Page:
Baltimore County Grapples With 'Missing Middle' As Home Prices Rise Amid Sales Slump


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BALTIMORE COUNTY - The latest monthly housing statistics report from Maryland REALTORS revealed surprising trends in Baltimore County's real estate market. Despite the noticeable dip in home sales from last year, prices are on the rise.

In May 2023, the county reported a sale of 886 units, marking an 18.2% decrease from the 1,083 units sold during the same period in 2022. The decline in sales is less pronounced compared to April 2023, which saw a total of 689 units sold, a dramatic 30.5% year-on-year decrease from the 991 units sold in April 2022.

Despite the decrease in sales, home prices have shown a robust increase. In May 2023, the average sales price in Baltimore County reached $404,974, a 5.9% rise from the $382,440 recorded in May 2022. The median sales price also increased by 2.2% to $342,500, up from $335,000 a year earlier.

The upward trend in home prices has been an ongoing theme of Maryland REALTOR'S recent reports. April 2023 witnessed a massive 7.5% increase in the average sales price to $417,327 and a 6.9% rise in the median sales price to $348,000 compared to April 2022.

According to Maryland REALTORS® President Yolanda Muckle, the real estate market trends observed in Baltimore County can largely be attributed to low inventory.

Active inventory in May 2023 was recorded at 799, significantly lower than May 2022's 1,027. This low inventory is also reflected in the 'Months of Inventory' figure, which stands at just one month in both May 2023 and May 2022.

Even with the diminishing inventory, the median days on the market have remained unchanged at six days from May 2022 to May 2023. The traditionally busy spring and early summer sales period could explain this, resulting in homes staying short on the market.

County data from Maryland REALTOR's monthly housing report. (Credit: Maryland REALTORS)

Maryland REALTORS® President Yolanda Muckle continues to stress the need for more 'missing middle housing' in Maryland, advocating for a broader diversity in home sizes and price points. She also addressed the critical statewide shortage of 122,000 housing units, insisting that the solution to this problem doesn't lie solely with single-family homes.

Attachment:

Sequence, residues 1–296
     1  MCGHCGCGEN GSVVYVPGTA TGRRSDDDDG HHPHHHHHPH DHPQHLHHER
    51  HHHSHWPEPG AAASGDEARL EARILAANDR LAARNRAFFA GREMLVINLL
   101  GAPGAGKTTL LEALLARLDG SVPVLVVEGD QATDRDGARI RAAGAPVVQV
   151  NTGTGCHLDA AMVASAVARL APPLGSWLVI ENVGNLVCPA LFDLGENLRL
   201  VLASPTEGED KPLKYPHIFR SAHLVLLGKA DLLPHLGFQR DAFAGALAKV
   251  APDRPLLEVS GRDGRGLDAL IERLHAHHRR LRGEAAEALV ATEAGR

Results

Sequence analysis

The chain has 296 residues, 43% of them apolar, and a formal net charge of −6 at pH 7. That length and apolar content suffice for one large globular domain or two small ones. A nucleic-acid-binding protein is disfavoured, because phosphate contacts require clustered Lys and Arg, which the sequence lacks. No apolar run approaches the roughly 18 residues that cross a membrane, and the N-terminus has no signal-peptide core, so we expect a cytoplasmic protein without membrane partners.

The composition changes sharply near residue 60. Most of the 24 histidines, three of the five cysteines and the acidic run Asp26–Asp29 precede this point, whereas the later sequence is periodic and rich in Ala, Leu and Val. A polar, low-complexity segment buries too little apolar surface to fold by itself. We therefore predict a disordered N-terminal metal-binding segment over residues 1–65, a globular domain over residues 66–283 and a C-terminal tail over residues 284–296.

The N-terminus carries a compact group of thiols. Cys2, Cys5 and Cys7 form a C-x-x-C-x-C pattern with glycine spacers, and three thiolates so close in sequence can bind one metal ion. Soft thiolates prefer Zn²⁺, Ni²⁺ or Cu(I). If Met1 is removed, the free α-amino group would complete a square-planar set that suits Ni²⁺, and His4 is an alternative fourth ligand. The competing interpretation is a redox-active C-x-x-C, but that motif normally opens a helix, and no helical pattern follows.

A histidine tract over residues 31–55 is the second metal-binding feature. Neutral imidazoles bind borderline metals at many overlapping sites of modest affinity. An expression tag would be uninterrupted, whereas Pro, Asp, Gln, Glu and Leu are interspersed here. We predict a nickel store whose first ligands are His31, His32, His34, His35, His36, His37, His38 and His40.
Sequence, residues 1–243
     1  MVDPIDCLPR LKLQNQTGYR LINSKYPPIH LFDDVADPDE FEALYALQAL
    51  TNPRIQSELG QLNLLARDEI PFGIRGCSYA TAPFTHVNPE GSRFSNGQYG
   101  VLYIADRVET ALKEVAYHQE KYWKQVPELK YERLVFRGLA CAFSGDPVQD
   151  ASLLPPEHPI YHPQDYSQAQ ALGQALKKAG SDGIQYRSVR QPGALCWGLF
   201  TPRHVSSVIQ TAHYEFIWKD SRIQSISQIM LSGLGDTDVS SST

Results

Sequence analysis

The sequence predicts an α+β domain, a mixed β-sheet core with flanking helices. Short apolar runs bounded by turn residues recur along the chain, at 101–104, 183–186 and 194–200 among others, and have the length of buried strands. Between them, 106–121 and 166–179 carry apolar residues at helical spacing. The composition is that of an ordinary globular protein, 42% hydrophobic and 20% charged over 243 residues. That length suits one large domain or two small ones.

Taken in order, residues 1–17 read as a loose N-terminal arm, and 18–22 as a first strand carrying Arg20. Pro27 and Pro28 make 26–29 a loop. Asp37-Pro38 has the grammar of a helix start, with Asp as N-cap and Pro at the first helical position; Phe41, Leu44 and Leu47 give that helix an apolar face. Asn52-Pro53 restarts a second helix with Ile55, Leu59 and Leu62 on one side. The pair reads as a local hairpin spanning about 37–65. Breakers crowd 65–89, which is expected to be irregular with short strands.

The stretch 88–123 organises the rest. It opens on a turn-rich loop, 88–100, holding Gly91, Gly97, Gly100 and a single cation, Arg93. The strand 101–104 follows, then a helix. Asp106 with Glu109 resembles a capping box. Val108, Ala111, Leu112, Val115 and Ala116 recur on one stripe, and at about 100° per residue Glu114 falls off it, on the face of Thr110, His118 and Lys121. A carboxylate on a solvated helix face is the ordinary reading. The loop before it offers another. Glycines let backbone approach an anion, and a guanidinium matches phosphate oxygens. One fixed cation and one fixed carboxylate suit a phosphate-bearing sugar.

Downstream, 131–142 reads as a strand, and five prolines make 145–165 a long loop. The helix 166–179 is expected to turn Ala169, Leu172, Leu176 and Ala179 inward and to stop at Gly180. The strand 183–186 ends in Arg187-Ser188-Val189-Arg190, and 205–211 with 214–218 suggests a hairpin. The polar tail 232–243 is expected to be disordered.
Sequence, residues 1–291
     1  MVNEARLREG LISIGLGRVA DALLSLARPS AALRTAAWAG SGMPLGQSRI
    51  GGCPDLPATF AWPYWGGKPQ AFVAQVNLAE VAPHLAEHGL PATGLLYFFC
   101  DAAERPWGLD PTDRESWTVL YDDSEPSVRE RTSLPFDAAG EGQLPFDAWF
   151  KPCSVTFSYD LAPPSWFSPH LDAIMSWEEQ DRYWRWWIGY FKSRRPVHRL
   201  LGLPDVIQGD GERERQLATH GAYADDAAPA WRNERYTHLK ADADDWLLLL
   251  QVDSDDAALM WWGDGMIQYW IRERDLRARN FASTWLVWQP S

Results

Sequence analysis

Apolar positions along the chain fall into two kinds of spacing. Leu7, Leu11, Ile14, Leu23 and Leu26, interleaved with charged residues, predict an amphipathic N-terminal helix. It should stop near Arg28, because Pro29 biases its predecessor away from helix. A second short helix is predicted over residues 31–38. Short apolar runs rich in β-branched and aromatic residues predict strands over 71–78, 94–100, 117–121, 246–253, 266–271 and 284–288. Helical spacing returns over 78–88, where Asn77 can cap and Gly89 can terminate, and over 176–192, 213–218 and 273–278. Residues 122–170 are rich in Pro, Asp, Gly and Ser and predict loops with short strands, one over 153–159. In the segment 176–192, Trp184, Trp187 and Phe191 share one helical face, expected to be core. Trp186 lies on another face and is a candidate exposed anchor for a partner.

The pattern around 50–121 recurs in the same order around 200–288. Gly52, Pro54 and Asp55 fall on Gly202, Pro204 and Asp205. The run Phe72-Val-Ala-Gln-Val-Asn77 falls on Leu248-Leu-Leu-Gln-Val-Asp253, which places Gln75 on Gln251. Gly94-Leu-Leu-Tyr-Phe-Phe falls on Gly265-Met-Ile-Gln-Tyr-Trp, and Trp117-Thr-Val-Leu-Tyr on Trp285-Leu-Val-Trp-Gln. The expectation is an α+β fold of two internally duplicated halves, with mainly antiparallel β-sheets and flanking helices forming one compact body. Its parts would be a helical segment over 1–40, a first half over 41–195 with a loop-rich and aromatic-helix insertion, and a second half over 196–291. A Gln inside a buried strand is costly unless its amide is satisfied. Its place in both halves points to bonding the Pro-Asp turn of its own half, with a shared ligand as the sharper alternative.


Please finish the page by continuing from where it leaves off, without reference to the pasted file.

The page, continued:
"Missing middle" housing refers not to a group of underserved homebuyers but to a range of housing options compatible with single-family homes in terms of size and scale. This term encompasses multifamily units, small-scale houses around a shared courtyard, accessory dwelling units (ADUs), duplexes, and triplexes. Designed to meet the needs of low-income workers, seniors, and young professionals, missing middle housing offers a diverse selection of home sizes and price points and facilitates living in walkable neighborhoods close to local amenities.

The trajectory of missing middle housing changed significantly in the late 1940s and early 1950s due to local zoning codes, which aimed to physically segregate land uses and demographics. Consequently, larger homes were placed in suburbs, often distant from public transportation and walkable amenities. While states like California, Maine, and Oregon have implemented broad zoning reforms to accommodate missing middle housing, Maryland is only beginning to scratch the surface with measures like the Abundant Housing Act and the Thrive 2050 comprehensive plan.

"We are not going to solve this problem by focusing on single-family homes. Marylanders in every county in this state need options," Muckle concluded.

In January, the Baltimore County Council passed a suite of housing reforms to address "missing middle" housing and expand access for all residents. The reforms include creating a permanent Baltimore County Housing Opportunities Fund for continued investment in affordable housing, initiating Baltimore County's first process to designate vacant properties for conversion into housing, updating regulations to expand family use of accessory dwelling units (ADUs), and modernizing townhome construction to cater to residents priced out of the current market.

The modernization of the ADU statute will cater to modern family definitions and remove a provision that prohibits residents from collecting rent from ADU occupants. The proposed townhome construction policy, which lowers the minimum width allowance for townhomes from 20 feet to 16 feet under certain conditions, aims to increase density for rental or homeownership opportunities.

Additionally, Baltimore County Executive Johnny Olszewski signed new legislation to strengthen the rental housing registration and inspection processes in March.

Before the passage of the new legislation, only rental housing properties with six or fewer units, including short-term rentals advertised on websites like Airbnb and VRBO, must be registered and licensed with Baltimore County. Under the new legislation, Baltimore County created a new self-certified registration process for all rental properties with seven or more units. Units are eligible for self-certified registration if they have fewer than three public health, safety, or welfare violations over the past three years.

"Every person deserves access to a safe, quality place to call home, and this legislation is another important step to ensure that is a reality across Baltimore County," Olszewski said. "By modernizing our rental registration process, we are strengthening Baltimore County's ability to make sure that all property owners are fulfilling their obligations to their tenants and our communities."

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